• Hi, thanks for your response. You are right, there is much to learn and it takes some persistent effort and time - I believe it is worth the effort. Even if you disagree with another's view, it can help to consolidate why you believe something or have it challenged - both are useful and important. – user48152 Nov 2 '20 at 5:48
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    You wrote, 'Just writing a question and answering your own question doesn't explain what hermeneutics is' - The idea of this site is to use the bible as the basis of understanding a belief or truth. If you have a view that is biblical and others are not presenting this aspect, then perhaps your own answer will be of great value. If it is not biblically sound in some way, this will be pointed out. Sadly, some may choose to down-vote rather than provide any hard evidence for their dislike. - that's life! – user48152 Nov 2 '20 at 5:48
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    I looked up hermeneutics to understand what this site looks for and and what I was doing wrong. The topics and answers are interesting. Unpleasant is the attitude that the new people have the bad trait of... You explained to me, "The idea of this site is to..." should be on the homepage so new and seasoned can more quickly understand what this site is for and how it operates. You wrote me but you did not reach as many people as you could. It is not only new people who have bad traits. Down-voting and not explaining the reason for deleting does not help the site. It also hurts the site. – Priscilla Salzberg Nov 2 '20 at 17:29

I closed this question and left the following comment, what do you all think? If I'm honest I think it's about the friendliest I can be for a question which is clearly off-topic.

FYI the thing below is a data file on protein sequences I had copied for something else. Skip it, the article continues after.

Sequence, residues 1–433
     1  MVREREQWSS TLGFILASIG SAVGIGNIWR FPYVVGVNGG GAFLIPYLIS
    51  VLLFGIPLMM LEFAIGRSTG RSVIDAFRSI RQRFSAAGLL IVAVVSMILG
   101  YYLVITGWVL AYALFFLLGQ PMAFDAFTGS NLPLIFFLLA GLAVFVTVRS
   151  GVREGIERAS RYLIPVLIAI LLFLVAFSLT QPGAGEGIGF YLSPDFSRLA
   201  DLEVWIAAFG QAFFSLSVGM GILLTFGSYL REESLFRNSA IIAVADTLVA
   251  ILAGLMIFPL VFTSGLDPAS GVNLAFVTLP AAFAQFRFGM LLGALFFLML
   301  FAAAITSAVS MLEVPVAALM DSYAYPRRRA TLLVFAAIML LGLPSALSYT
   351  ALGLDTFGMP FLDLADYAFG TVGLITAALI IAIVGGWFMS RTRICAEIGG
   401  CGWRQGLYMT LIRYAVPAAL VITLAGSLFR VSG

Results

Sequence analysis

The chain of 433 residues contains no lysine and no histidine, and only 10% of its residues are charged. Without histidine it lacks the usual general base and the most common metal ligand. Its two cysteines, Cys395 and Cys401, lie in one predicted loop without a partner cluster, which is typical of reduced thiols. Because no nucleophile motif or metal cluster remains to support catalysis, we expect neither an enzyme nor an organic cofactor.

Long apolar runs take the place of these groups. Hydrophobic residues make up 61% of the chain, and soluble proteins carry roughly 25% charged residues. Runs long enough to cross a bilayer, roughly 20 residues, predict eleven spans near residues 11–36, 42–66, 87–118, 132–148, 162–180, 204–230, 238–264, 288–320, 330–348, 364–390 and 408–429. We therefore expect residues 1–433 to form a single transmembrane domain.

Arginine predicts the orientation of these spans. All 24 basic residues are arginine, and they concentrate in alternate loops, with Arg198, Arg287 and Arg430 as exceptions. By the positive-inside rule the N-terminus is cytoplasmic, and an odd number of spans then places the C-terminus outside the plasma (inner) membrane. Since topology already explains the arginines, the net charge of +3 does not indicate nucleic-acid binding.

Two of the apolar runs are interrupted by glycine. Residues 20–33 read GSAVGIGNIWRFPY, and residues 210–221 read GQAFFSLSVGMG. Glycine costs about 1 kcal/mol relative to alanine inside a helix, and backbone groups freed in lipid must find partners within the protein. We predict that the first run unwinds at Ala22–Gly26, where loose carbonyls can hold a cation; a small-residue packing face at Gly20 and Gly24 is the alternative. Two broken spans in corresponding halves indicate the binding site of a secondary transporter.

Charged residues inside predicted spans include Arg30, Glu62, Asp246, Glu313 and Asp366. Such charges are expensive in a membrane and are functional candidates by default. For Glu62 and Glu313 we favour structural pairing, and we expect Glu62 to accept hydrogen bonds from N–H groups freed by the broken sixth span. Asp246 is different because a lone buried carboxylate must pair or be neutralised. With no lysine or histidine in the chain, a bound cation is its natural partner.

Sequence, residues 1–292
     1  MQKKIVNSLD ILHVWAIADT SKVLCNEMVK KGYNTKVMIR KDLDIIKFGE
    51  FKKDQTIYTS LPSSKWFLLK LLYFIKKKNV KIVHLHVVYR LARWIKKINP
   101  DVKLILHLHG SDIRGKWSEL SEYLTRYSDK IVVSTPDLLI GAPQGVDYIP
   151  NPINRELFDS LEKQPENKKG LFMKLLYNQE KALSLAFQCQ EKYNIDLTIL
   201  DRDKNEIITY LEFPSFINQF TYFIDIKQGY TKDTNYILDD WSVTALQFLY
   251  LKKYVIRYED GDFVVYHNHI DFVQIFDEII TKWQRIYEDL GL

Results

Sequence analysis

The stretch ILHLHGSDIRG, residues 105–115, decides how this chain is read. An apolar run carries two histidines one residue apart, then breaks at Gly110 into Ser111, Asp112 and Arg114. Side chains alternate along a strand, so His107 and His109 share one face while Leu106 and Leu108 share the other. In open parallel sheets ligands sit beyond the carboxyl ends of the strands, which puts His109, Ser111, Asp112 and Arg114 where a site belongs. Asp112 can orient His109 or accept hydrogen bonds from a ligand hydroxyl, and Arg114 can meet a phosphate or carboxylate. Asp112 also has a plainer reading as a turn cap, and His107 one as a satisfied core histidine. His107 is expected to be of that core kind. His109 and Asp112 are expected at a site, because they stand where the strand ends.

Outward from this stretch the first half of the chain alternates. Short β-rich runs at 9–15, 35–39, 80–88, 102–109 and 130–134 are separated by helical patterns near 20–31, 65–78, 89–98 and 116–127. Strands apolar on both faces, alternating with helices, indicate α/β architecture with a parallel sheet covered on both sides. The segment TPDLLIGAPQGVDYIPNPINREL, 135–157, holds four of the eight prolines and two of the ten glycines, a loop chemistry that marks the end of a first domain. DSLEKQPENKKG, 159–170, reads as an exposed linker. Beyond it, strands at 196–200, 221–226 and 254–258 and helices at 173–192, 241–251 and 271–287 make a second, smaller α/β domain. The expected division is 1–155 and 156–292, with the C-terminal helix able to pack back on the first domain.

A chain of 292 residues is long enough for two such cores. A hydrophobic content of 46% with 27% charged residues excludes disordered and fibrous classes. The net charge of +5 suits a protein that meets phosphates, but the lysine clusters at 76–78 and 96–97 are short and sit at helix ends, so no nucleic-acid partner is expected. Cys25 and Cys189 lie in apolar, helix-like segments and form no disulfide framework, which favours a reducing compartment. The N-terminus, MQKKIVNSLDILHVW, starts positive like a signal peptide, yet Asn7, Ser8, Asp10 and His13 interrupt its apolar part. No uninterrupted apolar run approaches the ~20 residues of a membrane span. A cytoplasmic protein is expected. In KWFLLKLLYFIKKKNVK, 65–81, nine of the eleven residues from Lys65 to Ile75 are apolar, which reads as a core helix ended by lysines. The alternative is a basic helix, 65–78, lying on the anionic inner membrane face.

How is the Kingdom of God revealed in the miracle of the Loaves and Fishes?

Hello and welcome to the site! One of the rules we have here is that questions need to start from a specific Biblical text, not just a general topic. So for this to be reopened, can you please edit it to quote a particular Biblical text. Ideally the question you're asking about the Kingdom of God will arise from the passage - do any of the Feeding of the 5000 passages talk about the Kingdom of God? I can't actually remember. Any extra information and details you can add would be helpful too.

  • Is it a SEXianity topic? Can it be migrated? - it's a decent Q, not a 'silly' one like belly buttons. – user48152 Nov 4 '20 at 23:27
  • @User48152 Do you mean migrate it to Christianity.se? No it wouldn't be on topic there. Best path forward for this question is for the OP to edit it. – curiousdannii Mod Nov 5 '20 at 1:03

Just because someone downvoted someone else doesn't mean the person doing the downvoting is correct or unbiased. It is very judgmental to promote downvoting more just to downvote more. It is also very judgmental to promote it is always new comers who provide poor quality answers and just downvote them. Are you saying newcomers have nothing and I mean NOTHING to ADD to this site? If you think an answer or a question doesn't achieve what you expect then provoke the author with guidance ie. ask the author How does this affect others, what proof is there, why do you need this info, why do you feel this way. Some of these so-called experts who don't want new people are full of themselves

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    Hi, not sure if you are commenting on someone or something. Of course newbies have a lot to offer. There is one particular guideline on this site - a Q or A must have biblical reference and or validity. Sadly that is easier said than done as tradition is well entrenched. Newbies may certainly offer a fresh look at old problems/conundrums and their 'new' Q's can provoke useful responses. – user48152 Nov 9 '20 at 12:05
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    Then ask someone to provide a biblical reference and or validate his response rather than just downvote because "we need to downvote more,...especially newcomers". In this manner people can be trained AND you can maybe get what you want out of a question or an answer. If a question or an answer helps even one person to feel better, treat others better or make it to heaven it does not matter that it didn't help ie 4000 people. Maybe the one person will help 3999 more people. – Priscilla Salzberg Nov 10 '20 at 1:23